Nutrition Evidence Alert – April 2022 – IgG Food Sensitivity – a clinically valid test or not?

Welcome to the April edition of the Nutrition Evidence Alert.

The use of IgG food sensitivity testing to establish a personalised diet plan for individuals has long been controversial. There are those in healthcare practice who use these tests regularly for certain, difficult-to-treat conditions and use the clinical results to successfully inform their client recommendations. On the other hand, there are many across the medical care spectrum who raise issues on test validity, stating: IgG reactions are a normal response to foods in the diet; IgG levels do not relate to food sensitivity; food specific IgG antibody testing is not evidence-based medicine.

How do we as clinicians decide whether these tests are valid and hold clinical utility in our practices and for our clients? We look to the science. Our Nutrition Evidence management and indexing team have been picking through the research and are pleased to bring you a selection.

It should be acknowledged from the outset that the amount of research in this area is relatively limited. And as always with the science, there are studies that show benefit and studies that don’t. It is up to you to inform yourself of the latest research and take a view. This is what this edition of the NED alert aims to help you to do in relation to IgG food sensitivity.

To expand your reading, the editorial team has selected these articles related to food sensitivity and testing.

Happy researching!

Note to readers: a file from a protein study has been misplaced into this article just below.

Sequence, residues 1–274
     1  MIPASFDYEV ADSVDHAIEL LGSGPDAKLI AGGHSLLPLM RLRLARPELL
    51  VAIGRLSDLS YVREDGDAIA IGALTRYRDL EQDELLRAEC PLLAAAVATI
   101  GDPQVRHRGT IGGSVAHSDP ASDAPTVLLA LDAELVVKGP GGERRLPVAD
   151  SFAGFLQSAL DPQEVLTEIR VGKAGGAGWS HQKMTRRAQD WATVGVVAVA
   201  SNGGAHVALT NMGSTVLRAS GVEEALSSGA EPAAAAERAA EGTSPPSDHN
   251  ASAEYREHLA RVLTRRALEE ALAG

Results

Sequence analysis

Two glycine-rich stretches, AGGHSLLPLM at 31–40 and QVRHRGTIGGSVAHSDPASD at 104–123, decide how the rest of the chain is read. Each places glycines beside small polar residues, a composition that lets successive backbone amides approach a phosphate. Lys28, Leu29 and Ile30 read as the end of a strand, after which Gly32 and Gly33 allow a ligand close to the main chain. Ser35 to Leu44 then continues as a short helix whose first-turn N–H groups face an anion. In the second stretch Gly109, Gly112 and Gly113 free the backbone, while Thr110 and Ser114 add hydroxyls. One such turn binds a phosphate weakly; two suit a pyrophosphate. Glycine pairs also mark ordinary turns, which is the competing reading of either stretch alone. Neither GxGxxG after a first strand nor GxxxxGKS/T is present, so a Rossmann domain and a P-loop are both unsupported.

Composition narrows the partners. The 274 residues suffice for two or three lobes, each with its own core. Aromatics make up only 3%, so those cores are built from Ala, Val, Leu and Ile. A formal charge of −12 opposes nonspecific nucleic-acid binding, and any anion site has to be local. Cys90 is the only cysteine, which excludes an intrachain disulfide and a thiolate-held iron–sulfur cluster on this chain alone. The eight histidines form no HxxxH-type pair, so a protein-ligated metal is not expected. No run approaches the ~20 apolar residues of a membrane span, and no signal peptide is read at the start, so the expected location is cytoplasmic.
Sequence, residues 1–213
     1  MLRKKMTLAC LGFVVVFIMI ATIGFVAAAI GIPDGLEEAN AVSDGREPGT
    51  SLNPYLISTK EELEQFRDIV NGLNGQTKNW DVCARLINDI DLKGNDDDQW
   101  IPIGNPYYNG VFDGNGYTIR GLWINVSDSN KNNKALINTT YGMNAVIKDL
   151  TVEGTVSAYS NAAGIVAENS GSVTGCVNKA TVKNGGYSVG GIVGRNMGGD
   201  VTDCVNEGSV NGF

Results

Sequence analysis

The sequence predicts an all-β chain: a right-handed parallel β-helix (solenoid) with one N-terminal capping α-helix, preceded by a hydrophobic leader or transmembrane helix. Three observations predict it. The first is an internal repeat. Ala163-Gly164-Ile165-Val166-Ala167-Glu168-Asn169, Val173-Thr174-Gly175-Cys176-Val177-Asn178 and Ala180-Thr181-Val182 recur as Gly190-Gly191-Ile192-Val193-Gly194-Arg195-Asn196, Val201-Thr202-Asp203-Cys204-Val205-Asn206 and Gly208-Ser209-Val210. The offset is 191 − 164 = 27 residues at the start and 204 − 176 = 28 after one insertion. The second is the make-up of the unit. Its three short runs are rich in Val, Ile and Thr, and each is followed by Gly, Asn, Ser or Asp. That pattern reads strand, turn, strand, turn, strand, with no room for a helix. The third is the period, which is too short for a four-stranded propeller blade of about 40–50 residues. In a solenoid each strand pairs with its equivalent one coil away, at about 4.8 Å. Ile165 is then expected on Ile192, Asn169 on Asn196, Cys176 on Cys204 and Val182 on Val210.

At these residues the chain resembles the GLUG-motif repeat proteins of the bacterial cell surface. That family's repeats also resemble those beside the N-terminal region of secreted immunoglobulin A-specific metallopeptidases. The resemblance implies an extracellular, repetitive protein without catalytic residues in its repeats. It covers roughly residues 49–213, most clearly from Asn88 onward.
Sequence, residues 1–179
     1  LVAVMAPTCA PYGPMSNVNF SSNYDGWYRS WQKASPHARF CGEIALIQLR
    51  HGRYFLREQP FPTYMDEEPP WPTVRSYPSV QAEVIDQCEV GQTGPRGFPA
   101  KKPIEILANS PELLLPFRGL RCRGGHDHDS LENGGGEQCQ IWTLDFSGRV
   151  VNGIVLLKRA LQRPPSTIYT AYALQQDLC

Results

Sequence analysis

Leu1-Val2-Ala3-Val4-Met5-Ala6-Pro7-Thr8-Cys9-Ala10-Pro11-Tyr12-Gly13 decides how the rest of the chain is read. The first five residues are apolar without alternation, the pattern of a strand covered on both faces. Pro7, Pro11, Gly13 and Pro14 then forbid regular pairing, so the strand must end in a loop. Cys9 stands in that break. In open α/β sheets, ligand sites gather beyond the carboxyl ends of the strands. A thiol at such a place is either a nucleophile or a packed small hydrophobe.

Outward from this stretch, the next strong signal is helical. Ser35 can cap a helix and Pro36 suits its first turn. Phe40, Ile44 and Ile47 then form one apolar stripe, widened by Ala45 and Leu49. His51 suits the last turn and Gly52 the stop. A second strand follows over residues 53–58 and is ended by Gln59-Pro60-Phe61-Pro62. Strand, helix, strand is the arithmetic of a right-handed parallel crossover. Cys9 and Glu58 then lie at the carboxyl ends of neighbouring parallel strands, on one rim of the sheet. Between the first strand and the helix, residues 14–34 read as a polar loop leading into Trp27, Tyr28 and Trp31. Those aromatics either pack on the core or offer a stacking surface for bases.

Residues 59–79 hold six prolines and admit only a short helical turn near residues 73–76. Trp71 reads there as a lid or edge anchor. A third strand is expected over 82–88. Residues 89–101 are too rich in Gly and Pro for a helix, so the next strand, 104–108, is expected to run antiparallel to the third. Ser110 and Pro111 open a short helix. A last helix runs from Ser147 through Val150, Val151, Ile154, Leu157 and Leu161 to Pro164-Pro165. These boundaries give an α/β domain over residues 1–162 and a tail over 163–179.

Our picks of the research:

Clinical relevance of IgG antibodies against food antigens in Crohn’s disease: a double-blind cross-over diet intervention study  in Digestion. 2010

Chronic Food Antigen-specific IgG-mediated Hypersensitivity Reaction as A Risk Factor for Adolescent Depressive Disorder in Genomics, Proteomics & Bioinformatics. 2019

Serological investigation of IgG and IgE antibodies against food antigens in patients with inflammatory bowel disease in World Journal of Clinical Cases. 2019

Igg Food Antibody Guided Elimination-Rotation Diet Was More Effective than FODMAP Diet and Control Diet in the Treatment of Women with Mixed IBS-Results from an Open Label Study in Journal of Clinical Medicine. 2021

Is perceived intolerance to milk and wheat associated with the corresponding IgG and IgA food antibodies? A cross sectional study in subjects with morbid obesity and gastrointestinal symptoms in BMC Gastroenterology. 2018

Food-specific IgGs Are Highly Increased in the Sera of Patients with Inflammatory Bowel Disease and Are Clinically Relevant to the Pathogenesis in Internal Medicine (Tokyo, Japan). 2018

Food Exclusion Based on IgG Antibodies Alleviates Symptoms in Ulcerative Colitis: A Prospective Study in Inflammatory Bowel Diseases. 2018

Diet restriction in migraine, based on IgG against foods: a clinical double-blind, randomised, cross-over trial in Cephalalgia : an International Journal of Headache. 2010

Randomised controlled trial of food elimination diet based on IgG antibodies for the prevention of migraine like headaches in Nutrition Journal. 2011

Effects of Diet Based on IgG Elimination Combined with Probiotics on Migraine Plus Irritable Bowel Syndrome in Pain Research & Management. 2019


Download the NED InfoBite on IgG Antibodies & IBD / IBS

Our scientific NED InfoBites are especially designed to provide you with our pick of the latest research in a handy one-page pdf, ideal for sharing with colleagues and clients within a clinical setting.

Download the IgG InfoBite here

Discover all available InfoBites here


BANT Celebrates 25 years as the leading Professional Association for Nutritional Therapy Practitioners

The 14th of March 2022 marks a landmark anniversary for BANT as it celebrates 25 years as the leading professional organisation for practitioners of nutrition and lifestyle medicine. Founded in 1997 with a handful of members and the ambition to shape the future of personalised nutrition one person at a time. Fast-forward 25 years and BANT membership has swelled to over 3,300 members, composed of CNHC Registered Nutritional Therapy Practitioners and BANT Registered Nutritionists®.

Read the Press Release here



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